PASADENA, Calif. – So much for the Heisman jinx.
Of course, Mark Ingram never believed in jinxes, curses or black magic.
"That's for the movies," Ingram joked.
The Alabama sophomore running back became only the sixth player since 1950 to win the Heisman Trophy and a national championship in the same season.
Moreover, six of the past seven Heisman Trophy winners who played in the BCS National Championship Game had come out on the losing end.
Ingram bucked that trend Thursday night thanks to Alabama's 37-21 win over Texas, which is probably fitting.
Who would have believed back in August that he would have been anywhere on the Heisman Trophy radar?
“The Heisman was kind of shocking and something I never really expected coming into this year,” said Ingram, who overcame cramps and a swarming Texas defense to rush for 116 yards on 22 carries and earn Most Outstanding Offensive Player honors.
“When I won the trophy, it was a great honor to win it, but it was more than just a trophy to me. It was overcoming adversity. All throughout my life, me and my family sticking together and overcoming obstacles and people that tried to hold us back. A lot of emotion came from that.
“This national championship was more everybody. I was so happy to leave my heart out there for the team, the blood, sweat and tears.”
Ingram, who finished the season with 1,658 rushing yards, went over 100 yards in a game for the eighth time this season to set an Alabama record.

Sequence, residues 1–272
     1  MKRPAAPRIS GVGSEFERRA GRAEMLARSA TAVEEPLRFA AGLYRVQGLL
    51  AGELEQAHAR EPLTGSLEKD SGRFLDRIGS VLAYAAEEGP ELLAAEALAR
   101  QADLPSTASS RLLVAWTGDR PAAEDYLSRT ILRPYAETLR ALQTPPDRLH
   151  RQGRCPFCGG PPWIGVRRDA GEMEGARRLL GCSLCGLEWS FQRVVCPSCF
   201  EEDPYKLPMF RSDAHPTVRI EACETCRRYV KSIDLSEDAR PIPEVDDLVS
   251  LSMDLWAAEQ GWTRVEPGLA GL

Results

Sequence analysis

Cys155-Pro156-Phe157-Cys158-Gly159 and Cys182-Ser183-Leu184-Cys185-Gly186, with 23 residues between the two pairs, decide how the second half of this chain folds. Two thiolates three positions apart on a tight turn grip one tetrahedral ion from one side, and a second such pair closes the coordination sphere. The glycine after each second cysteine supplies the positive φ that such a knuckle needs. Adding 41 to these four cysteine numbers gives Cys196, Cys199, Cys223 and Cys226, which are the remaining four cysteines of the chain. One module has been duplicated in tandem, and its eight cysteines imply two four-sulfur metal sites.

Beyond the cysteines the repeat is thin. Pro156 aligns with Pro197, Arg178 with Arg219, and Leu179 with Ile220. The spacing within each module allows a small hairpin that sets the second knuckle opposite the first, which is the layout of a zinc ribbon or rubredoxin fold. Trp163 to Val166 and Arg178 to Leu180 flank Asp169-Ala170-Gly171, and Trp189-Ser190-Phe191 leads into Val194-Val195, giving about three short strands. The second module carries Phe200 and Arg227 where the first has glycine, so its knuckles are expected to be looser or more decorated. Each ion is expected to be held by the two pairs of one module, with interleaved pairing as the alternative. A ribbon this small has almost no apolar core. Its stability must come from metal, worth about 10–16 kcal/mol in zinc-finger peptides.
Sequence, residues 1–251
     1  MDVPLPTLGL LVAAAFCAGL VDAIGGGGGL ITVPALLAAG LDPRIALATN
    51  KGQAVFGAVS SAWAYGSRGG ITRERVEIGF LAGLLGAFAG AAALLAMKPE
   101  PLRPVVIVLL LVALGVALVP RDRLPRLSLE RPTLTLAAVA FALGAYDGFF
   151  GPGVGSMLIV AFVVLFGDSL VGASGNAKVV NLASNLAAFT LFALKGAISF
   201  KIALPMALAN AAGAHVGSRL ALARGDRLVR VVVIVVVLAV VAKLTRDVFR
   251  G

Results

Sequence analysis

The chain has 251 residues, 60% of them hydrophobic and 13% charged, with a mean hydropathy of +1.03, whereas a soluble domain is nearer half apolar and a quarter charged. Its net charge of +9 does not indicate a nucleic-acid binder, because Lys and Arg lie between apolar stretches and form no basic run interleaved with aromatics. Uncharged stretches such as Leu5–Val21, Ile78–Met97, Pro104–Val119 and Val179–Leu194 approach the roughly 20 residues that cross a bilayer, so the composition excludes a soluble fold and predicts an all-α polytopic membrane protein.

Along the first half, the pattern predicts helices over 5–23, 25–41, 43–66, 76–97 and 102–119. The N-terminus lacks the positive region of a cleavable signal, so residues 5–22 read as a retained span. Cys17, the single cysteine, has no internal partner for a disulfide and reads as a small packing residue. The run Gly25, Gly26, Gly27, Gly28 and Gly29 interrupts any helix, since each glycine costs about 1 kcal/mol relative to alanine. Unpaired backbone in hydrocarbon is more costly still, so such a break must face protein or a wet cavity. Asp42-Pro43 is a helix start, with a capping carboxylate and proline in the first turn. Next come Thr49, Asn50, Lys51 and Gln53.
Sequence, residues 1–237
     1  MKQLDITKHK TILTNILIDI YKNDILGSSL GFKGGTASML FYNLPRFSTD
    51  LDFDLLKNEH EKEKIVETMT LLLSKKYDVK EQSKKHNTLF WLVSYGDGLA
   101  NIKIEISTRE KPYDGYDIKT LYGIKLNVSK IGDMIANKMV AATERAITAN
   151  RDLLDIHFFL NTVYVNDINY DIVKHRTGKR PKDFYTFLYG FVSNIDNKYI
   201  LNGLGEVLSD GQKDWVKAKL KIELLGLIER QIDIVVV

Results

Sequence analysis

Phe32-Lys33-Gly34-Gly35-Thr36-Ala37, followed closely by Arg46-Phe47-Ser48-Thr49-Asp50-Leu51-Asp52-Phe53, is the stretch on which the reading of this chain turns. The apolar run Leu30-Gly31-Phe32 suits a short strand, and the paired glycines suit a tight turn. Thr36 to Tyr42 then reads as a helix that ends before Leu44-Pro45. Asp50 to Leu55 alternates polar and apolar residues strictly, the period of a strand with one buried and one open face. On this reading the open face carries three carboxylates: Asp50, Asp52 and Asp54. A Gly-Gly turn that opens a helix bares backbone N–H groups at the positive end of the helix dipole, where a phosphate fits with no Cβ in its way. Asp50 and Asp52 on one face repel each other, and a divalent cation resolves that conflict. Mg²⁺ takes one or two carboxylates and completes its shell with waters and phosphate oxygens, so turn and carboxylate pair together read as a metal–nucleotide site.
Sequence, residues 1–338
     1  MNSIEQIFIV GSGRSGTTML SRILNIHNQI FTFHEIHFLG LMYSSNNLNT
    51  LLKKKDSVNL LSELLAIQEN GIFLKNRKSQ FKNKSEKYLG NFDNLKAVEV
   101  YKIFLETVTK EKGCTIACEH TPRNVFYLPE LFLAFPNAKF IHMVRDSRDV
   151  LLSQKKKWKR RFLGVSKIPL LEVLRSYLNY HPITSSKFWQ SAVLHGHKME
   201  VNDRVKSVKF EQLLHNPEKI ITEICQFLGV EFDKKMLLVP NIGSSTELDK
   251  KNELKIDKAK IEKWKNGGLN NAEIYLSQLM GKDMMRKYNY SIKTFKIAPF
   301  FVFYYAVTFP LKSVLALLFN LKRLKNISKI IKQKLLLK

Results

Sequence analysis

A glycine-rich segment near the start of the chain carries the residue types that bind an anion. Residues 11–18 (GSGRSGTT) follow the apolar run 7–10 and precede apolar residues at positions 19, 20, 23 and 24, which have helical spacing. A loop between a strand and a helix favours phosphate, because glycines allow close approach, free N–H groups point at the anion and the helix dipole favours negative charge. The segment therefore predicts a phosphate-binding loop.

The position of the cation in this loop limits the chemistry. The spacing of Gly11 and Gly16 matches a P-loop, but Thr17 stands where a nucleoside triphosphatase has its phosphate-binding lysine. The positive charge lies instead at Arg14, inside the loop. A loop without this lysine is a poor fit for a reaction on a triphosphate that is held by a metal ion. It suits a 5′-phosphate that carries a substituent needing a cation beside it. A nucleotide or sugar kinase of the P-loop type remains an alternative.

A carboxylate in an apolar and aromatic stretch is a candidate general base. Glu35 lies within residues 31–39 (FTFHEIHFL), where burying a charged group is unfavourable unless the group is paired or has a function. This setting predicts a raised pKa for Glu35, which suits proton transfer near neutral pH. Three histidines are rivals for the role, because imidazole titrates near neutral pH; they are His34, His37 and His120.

He wasn’t the only one, either.
Freshman running back Trent Richardson also rushed for 109 yards on 19 carries. Unfortunately for the rest of the SEC, it’s a duo that’s not going anywhere anytime soon.
“I had Mark’s back all year long, and he had my back,” Richardson said. “I learned a lot from him. That’s the great thing about having both of us. We’re going to keep coming at a defense until we break them.”
Alabama tight end Colin Peek said the peripheral things were never a big deal to this team, whether it was the Heisman jinx, individual awards or the rankings throughout the year.
“We’ve had so many people win awards,” Peek said. “But at the end of the day, a jinx really doesn’t matter. All that matters is how much you’re going to sacrifice for the win. As a team, we were able to put so much into it, and that’s what we believed in. None of us focused on the outside things.
“We focused on what got us to this point, and that’s why we’re national champions.”